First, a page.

Liberty’s latest innovation is good news – for some
Formula 1 is ramping up its move into the digital sphere with the announcement of a new ‘over the top’ platform.
That’s streaming to me and you.
Previously F1 has been shackled in the old media world, bound to television contracts. Now Liberty has the freedom to tap into the massive mobile and streaming market that has so far been dominated by US sports such as Major League Baseball, Basketball and American Football.
Liberty’s new service is to be called F1 TV Pro. It was supposed to have gone live for the first race of the season in Australia, but was delayed by a glitch at the last moment. When it eventually is rolled out it will allow users to tailor their own viewing of each Grand Prix. It promises “unique feeds not available on any other platform with the capability of multi-level personalisation”. In effect, fans can choose their onboard cameras from up and down the grid – as on the IMSA and WEC apps.
Initially this will be available on desktop computers and the web, but mobile apps are coming. Liberty promises Amazon, Apple and Android devices will be able to download it soon, making F1 more accessible than ever before. And it won’t just be the races: every session will be broadcast live, plus press conferences, F2 races and other support races.
But those old contracts drawn up by CVC still have a hold over F1, and it’s mainly UK fans who will suffer. Sky’s contract means it has exclusive rights in the UK to F1 between 2019 and 2024 and its Now TV service already exclusively offers OTT coverage. So F1 TV Pro will not be available in the UK for at least five more years, but will be for much of Europe and the Americas from this season.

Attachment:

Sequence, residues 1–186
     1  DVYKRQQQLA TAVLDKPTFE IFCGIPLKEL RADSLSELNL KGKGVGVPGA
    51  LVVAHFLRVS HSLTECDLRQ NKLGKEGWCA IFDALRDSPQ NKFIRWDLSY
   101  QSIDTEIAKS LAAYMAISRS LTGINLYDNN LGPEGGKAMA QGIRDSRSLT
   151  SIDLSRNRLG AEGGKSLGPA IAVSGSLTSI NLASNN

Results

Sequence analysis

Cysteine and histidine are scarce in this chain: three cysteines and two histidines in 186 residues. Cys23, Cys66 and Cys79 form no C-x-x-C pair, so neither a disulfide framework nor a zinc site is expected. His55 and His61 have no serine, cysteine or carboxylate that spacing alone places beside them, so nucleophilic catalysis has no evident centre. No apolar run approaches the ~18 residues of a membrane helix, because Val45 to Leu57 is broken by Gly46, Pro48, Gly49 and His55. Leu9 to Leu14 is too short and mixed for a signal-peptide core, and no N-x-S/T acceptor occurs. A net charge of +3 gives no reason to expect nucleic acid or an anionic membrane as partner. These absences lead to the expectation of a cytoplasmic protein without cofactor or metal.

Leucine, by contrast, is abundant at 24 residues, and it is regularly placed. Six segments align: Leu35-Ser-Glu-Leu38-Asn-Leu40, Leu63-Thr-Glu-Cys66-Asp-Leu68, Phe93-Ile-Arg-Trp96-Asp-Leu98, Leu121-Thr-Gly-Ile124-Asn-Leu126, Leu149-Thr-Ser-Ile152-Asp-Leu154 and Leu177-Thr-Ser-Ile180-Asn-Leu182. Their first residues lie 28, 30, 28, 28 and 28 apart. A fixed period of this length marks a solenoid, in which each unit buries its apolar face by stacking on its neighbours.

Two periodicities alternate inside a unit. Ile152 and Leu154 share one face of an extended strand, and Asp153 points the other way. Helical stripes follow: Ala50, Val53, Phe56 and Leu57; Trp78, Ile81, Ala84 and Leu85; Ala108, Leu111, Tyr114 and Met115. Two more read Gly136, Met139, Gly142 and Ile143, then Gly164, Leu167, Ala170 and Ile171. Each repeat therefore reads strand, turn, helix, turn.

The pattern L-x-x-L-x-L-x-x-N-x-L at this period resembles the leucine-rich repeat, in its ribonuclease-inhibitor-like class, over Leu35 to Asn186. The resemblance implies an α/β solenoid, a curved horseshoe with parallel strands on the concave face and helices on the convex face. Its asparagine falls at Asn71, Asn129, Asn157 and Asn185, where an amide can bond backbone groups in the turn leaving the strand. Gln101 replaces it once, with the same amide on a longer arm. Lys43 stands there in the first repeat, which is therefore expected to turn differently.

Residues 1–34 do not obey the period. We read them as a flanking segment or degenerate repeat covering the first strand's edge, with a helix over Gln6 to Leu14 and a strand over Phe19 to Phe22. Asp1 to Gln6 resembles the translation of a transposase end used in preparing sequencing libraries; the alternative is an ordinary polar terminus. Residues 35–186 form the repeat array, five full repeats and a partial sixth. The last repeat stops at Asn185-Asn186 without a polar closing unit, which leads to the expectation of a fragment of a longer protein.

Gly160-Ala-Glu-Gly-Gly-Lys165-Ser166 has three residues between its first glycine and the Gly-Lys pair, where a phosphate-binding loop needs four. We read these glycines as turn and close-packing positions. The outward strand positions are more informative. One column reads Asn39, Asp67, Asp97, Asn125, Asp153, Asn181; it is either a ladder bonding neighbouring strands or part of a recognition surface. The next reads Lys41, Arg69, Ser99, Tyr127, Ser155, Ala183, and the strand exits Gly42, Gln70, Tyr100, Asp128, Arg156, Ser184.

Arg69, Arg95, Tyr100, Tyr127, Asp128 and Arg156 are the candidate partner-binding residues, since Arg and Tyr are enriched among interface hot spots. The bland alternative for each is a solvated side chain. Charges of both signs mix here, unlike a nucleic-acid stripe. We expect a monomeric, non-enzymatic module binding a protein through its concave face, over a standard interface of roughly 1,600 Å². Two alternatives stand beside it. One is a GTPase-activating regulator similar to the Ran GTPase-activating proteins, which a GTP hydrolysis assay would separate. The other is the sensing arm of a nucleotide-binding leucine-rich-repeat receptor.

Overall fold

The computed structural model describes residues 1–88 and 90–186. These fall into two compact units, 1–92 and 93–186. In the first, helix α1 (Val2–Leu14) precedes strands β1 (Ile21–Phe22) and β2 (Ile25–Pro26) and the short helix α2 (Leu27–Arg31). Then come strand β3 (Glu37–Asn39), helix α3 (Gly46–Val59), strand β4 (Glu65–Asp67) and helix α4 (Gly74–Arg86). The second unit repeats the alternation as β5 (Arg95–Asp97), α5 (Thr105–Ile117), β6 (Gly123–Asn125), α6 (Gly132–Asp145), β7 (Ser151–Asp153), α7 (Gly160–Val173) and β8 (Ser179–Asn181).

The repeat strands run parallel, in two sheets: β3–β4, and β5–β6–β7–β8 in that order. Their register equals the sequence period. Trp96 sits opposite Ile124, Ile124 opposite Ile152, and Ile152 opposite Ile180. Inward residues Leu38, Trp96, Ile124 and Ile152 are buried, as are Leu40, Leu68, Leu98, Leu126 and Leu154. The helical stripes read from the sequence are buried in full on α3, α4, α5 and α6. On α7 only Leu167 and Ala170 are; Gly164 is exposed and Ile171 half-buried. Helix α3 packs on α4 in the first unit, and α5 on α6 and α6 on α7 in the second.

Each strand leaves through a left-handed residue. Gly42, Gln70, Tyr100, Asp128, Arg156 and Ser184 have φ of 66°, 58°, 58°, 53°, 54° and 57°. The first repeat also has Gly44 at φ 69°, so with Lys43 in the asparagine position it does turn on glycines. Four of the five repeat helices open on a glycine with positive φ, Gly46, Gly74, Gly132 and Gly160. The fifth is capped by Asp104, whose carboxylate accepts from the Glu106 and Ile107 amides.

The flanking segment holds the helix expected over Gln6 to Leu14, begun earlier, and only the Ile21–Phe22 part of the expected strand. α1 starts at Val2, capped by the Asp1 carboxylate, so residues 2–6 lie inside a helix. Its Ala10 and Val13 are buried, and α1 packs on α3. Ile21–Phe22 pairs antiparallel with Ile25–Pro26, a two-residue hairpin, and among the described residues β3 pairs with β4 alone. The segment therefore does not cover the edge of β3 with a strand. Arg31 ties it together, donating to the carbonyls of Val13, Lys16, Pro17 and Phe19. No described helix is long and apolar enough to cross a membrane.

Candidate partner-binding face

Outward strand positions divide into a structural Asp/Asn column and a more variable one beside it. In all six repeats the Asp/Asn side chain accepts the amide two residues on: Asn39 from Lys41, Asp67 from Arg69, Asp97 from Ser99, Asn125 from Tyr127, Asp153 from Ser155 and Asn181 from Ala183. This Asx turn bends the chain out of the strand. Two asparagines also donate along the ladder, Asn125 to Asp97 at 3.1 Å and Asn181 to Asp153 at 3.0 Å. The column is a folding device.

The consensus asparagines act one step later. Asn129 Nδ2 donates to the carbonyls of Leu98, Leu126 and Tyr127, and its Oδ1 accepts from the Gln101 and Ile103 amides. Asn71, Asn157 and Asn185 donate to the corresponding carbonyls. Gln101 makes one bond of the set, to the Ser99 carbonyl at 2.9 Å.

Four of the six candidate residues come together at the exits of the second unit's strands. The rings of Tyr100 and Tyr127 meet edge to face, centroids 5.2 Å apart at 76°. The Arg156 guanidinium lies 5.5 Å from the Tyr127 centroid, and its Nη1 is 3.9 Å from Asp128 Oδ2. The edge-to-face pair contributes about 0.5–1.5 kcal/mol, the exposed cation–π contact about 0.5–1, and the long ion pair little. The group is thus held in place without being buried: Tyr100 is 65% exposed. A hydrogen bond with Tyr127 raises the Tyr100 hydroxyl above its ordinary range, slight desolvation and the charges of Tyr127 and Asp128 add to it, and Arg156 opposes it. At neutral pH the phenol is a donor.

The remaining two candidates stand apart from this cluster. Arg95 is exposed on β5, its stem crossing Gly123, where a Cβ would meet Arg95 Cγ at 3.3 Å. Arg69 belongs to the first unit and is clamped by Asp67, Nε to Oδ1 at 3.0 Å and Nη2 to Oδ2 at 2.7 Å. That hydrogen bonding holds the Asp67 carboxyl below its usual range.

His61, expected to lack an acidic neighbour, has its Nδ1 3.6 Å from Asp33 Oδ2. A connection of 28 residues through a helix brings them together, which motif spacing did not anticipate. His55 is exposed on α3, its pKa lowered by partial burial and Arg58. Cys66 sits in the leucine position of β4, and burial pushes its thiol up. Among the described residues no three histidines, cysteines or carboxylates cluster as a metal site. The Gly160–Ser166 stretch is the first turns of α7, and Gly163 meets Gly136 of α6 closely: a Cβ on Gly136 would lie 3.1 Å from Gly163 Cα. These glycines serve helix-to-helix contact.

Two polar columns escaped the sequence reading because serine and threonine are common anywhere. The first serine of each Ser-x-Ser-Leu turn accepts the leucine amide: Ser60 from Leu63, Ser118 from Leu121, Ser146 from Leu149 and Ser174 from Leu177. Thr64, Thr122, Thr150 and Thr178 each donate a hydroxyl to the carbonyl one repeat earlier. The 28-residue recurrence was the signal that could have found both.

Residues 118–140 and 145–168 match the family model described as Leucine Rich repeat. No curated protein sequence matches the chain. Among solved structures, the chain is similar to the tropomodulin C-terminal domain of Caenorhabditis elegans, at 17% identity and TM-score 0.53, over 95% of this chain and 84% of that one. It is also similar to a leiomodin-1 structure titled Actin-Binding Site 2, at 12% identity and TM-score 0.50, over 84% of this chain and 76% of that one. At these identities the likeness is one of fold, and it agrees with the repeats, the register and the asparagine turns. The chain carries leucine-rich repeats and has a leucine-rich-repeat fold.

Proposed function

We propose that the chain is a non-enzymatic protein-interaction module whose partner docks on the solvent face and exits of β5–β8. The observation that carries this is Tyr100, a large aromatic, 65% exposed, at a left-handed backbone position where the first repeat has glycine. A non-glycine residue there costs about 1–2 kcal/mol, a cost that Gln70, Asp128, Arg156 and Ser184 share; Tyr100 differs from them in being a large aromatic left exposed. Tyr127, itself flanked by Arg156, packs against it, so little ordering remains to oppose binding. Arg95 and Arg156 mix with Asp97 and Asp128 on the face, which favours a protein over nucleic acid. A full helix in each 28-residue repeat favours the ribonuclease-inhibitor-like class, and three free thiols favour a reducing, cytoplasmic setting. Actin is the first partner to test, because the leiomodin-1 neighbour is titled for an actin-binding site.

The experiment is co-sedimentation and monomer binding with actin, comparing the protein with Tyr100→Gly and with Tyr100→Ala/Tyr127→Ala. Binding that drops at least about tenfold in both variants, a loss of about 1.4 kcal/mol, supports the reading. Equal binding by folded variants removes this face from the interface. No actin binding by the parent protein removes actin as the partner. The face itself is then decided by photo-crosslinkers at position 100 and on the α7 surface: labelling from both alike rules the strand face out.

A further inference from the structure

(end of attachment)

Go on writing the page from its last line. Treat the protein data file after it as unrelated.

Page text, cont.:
For those not in the available countries, a cheaper non-live F1 TV Access will give users extended highlights and archive video access, plus radio commentary and live timing. A second-screen service, as such.
F1 TV Pro is set to be available for between $8 and $12, but the ‘Access’ pricing was unavailable at the time of writing.
The knock-on effect is there will be very few live terrestrial races for the foreseeable future – at least until 2025. Sky has promised that all highlights will be available free-to-air from 2019 and the British Grand Prix will be freely available. Sky also has its own more immersive initiatives in the pipeline for its coverage, so UK fans might not be quite stuck in the dark ages, but the live options for UK viewers are therefore limited. It’s a Sky TV subscription, Now TV rolling subscription or make do with highlights. And for many fans, none of those three will be acceptable.
In the UK at least, it seems F1 may have to accept plummeting viewing figures. Just when it needs the opposite.